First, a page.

DIVERS in Northern Norway have found the wreck of the Grimsby trawler Laforey which sank 56 years ago with the loss of 20 lives.
It was one of Grimsby's worst fishing disasters at a time when British trawlers distant waters trawling was the most dangerous job in the country.The Laforey (GY 85) , which was owned by Derwent Trawlers, sank in the early hours of the morning of February 8th 1954 after hitting a reef near the port of Floro in heavy seas and driving snow. The vessel was heading home from the Barents Sea area when she capsized with the loss of all hands.
The skipper was a man called Billy Mogg, described at the time as a highly experienced trawlerman. Most of the crew were from Grimsby, although one man, George Scott, came from Fleetwood. His body was recovered and is now buried in the town.
As with many trawler disasters there were stories of lucky escapes and it happened to one young deckhand called James Thurston who, at the 11th hour, decided not to sail on the vessel. There is now a thoroughfare in Grimsby called Laforey Road in memory of those who died and the incident is re-enacted in the National Fishing Heritage Centre in Grimsby.
It seems that the Norwegians had know that the wreck was somewhere in the area where divers found, but had been unable to pinpoint the exact position until very recently.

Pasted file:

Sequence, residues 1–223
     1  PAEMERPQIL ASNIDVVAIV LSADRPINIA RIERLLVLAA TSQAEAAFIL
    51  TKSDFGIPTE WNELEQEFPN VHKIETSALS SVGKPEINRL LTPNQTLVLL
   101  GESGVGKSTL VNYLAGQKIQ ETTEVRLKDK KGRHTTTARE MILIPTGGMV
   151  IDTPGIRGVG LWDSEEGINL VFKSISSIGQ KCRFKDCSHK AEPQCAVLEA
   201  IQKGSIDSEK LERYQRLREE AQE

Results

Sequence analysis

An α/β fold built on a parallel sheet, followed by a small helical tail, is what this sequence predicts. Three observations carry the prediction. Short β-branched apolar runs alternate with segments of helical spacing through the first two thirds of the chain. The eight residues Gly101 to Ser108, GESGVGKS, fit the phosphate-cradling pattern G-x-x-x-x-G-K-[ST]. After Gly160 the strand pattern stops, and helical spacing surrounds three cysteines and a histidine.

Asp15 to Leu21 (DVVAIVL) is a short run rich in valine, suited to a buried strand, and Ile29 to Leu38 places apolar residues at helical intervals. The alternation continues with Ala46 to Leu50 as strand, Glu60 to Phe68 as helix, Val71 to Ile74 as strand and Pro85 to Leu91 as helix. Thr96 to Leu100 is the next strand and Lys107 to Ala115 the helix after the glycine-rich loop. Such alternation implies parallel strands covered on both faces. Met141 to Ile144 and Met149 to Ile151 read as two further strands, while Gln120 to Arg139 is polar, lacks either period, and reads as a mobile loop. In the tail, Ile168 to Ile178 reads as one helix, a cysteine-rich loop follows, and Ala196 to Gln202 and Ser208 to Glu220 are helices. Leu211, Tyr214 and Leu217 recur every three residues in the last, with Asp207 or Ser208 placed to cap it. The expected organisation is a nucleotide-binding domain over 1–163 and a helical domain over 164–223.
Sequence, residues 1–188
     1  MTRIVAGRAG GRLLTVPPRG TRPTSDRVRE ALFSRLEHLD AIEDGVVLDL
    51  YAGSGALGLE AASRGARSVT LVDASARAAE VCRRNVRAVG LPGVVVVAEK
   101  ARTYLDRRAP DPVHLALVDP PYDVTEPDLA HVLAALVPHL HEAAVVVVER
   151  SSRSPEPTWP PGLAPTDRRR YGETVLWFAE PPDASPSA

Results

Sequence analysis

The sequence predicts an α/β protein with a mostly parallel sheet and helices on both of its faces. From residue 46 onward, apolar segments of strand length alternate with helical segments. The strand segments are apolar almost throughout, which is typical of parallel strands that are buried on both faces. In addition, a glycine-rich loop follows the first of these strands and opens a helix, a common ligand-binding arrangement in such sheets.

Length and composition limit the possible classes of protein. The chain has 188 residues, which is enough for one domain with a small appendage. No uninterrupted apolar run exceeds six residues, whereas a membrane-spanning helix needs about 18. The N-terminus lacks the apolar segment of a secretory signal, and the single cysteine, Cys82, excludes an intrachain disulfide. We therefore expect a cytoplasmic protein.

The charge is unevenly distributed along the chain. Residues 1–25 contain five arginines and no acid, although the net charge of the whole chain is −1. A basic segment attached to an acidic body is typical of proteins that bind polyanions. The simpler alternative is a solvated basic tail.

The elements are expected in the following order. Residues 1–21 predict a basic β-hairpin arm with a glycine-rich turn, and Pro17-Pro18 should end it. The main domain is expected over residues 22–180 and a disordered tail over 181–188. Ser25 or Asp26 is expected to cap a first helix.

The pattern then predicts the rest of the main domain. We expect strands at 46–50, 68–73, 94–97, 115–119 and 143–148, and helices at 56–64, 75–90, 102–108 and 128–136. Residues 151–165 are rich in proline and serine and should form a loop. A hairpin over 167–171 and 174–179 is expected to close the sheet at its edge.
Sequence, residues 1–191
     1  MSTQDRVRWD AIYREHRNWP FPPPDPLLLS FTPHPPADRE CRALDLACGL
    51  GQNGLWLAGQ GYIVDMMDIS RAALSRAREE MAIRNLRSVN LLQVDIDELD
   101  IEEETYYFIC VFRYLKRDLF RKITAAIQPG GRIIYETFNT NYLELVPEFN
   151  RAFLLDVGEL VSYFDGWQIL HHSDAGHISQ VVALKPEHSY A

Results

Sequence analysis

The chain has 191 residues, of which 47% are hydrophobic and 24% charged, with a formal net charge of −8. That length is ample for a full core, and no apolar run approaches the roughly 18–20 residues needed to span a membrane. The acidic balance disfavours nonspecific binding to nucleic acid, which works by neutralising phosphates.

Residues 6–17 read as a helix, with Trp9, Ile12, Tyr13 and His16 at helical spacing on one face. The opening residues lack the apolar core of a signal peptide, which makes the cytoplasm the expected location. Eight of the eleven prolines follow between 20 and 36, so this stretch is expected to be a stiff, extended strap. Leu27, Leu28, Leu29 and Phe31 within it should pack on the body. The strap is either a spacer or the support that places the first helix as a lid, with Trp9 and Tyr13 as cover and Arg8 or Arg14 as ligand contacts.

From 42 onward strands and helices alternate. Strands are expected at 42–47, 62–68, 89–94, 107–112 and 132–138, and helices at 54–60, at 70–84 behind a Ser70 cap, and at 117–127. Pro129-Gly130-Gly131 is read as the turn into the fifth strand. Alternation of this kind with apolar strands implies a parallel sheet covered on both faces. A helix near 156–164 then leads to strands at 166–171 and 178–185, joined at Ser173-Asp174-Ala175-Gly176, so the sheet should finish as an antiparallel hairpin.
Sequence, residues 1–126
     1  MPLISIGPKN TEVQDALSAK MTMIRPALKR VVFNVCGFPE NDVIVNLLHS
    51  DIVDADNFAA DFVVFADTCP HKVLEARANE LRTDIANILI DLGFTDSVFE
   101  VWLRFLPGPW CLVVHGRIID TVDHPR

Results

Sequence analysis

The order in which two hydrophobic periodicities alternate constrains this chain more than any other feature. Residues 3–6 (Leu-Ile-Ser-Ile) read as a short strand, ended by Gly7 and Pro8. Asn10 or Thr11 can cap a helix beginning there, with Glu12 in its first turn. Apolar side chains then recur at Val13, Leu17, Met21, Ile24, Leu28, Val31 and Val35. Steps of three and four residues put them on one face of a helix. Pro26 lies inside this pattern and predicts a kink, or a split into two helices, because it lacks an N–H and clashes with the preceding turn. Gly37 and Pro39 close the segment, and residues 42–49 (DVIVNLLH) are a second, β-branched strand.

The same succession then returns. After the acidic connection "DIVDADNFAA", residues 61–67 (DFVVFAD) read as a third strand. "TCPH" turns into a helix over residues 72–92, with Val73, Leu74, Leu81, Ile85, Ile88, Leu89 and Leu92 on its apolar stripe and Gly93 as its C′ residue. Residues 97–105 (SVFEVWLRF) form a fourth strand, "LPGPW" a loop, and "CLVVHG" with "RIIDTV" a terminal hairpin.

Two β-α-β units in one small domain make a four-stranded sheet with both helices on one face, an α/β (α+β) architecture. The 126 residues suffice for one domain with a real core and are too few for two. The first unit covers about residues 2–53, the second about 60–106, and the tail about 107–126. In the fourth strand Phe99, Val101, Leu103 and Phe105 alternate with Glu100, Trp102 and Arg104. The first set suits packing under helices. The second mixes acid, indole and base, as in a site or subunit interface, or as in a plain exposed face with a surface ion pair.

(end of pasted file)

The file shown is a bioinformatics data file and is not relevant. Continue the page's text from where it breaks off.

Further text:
Many British trawlers, mostly from Grimsby, Hull, Aberdeen and Fleetwood, were lost in the years immediately after the war, either due to bad weather or stray mines.
A DATE has been set for the official return and handing over of the bell from the Grimsby trawler Laforey which sank with all hands nearly 60 years ago. It will return to its home port this week and then presented to the Grimsby Port Missioner Tony Jewitt on Friday by the two Norwegian divers Tron Stromgren and Frode Fjellestad, who discovered the wreck last year.
The Laforey, owned by Derwent Trawlers which was part of the old Ross Group foundered in heavy seas off the coast of Northern Norway in February 1954. All 20 crewmen on board perished and only one body, that of a Dutch-born trawler engineer, was eventually recovered. The ship had only been built five years earlier and had been considered a fairly new and sound vessel.
The skipper was William Mogg and his grandson Garreth Evans, also a former trawler skipper, has been researching with the divers and has been trying to trace the families of those who were lost. He is thought to have found at least 13 of the 20 families.Mr Jewitt said the bell would now be hung in the Grimsby Fishermens Chapel in the port under the names of those who were lost on that fateful day.
Mr Jewitt said there will be a special commemorative service at the Grimsby Minster on July 10th when the bell will be show before being removed to its permanent home at the fishermens chapel. That should be the final chapter in a tragic story that was, sadly, all too common in ports like Grimsby, Hull and Aberdeen in the early 1950s
THE ordeal of 20 brave Grimsby trawlermen who lost their lives off the coast of Norway over 50 years ago will finally be laid to rest this weekend.
The Grimsby Fishermen's Mission is holding the annual Lost Fishermen's Service in Grimsby Minster on Sunday, but part of that service will be given over to a special commemoration for the crew of the trawler Laforey which perished on the night of February 7th 1954 when the ship foundered on a reef.
Last year two Norwegian divers found the wreck and rescued the ship's bell which was brought back to Grimsby. The now somewhat mis-shapen bell will be dedicated at Sunday's service and then hung permanently in the Grimsby Fishermen's Chapel.